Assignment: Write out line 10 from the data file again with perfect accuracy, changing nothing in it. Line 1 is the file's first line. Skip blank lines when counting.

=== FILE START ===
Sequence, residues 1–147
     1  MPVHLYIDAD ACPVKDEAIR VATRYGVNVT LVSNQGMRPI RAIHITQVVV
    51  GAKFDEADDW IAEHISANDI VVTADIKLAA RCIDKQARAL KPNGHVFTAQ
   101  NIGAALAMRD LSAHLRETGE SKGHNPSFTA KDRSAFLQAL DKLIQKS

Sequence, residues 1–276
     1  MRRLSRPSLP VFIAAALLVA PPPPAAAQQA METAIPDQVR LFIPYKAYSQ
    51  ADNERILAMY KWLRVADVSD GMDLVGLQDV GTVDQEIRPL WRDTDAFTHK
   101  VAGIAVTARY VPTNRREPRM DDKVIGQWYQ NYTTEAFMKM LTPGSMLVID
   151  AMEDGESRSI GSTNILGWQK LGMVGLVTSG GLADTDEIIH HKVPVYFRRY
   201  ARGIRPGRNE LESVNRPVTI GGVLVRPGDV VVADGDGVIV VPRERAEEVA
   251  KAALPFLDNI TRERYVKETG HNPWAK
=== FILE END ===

   201  ARGIRPGRNE LESVNRPVTI GGVLVRPGDV VVADGDGVIV VPRERAEEVA